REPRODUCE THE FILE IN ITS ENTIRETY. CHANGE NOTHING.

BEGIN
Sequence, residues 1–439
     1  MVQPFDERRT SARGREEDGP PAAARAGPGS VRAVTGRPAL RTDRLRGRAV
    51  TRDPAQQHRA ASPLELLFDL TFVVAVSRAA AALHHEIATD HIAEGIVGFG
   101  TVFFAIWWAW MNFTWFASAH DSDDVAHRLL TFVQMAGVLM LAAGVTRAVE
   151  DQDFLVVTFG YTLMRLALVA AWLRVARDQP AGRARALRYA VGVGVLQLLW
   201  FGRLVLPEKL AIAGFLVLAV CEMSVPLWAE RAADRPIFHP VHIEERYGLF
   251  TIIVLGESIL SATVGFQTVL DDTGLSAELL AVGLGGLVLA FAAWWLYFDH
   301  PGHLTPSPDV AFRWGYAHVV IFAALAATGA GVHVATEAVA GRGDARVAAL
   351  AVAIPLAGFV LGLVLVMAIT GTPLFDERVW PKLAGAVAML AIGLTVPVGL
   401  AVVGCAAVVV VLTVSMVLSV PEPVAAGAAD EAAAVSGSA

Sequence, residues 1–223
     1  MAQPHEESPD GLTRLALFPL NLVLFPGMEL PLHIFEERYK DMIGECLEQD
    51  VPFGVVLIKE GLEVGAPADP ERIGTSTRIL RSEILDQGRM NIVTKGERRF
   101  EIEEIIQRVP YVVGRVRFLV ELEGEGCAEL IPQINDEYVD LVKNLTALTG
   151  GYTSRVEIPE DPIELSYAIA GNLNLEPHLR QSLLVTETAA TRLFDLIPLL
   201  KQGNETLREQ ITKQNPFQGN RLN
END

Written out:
Sequence, residues 1–439
     1  MVQPFDERRT SARGREEDGP PAAARAGPGS VRAVTGRPAL RTDRLRGRAV
    51  TRDPAQQHRA ASPLELLFDL TFVVAVSRAA AALHHEIATD HIAEGIVGFG
   101  TVFFAIWWAW MNFTWFASAH DSDDVAHRLL TFVQMAGVLM LAAGVTRAVE
   151  DQDFLVVTFG YTLMRLALVA AWLRVARDQP AGRARALRYA VGVGVLQLLW
   201  FGRLVLPEKL AIAGFLVLAV CEMSVPLWAE RAADRPIFHP VHIEERYGLF
   251  TIIVLGESIL SATVGFQTVL DDTGLSAELL AVGLGGLVLA FAAWWLYFDH
   301  PGHLTPSPDV AFRWGYAHVV IFAALAATGA GVHVATEAVA GRGDARVAAL
   351  AVAIPLAGFV LGLVLVMAIT GTPLFDERVW PKLAGAVAML AIGLTVPVGL
   401  AVVGCAAVVV VLTVSMVLSV PEPVAAGAAD EAAAVSGSA

Sequence, residues 1–223
     1  MAQPHEESPD GLTRLALFPL NLVLFPGMEL PLHIFEERYK DMIGECLEQD
    51  VPFGVVLIKE GLEVGAPADP ERIGTSTRIL RSEILDQGRM NIVTKGERRF
   101  EIEEIIQRVP YVVGRVRFLV ELEGEGCAEL IPQINDEYVD LVKNLTALTG
   151  GYTSRVEIPE DPIELSYAIA GNLNLEPHLR QSLLVTETAA TRLFDLIPLL
   201  KQGNETLREQ ITKQNPFQGN RLN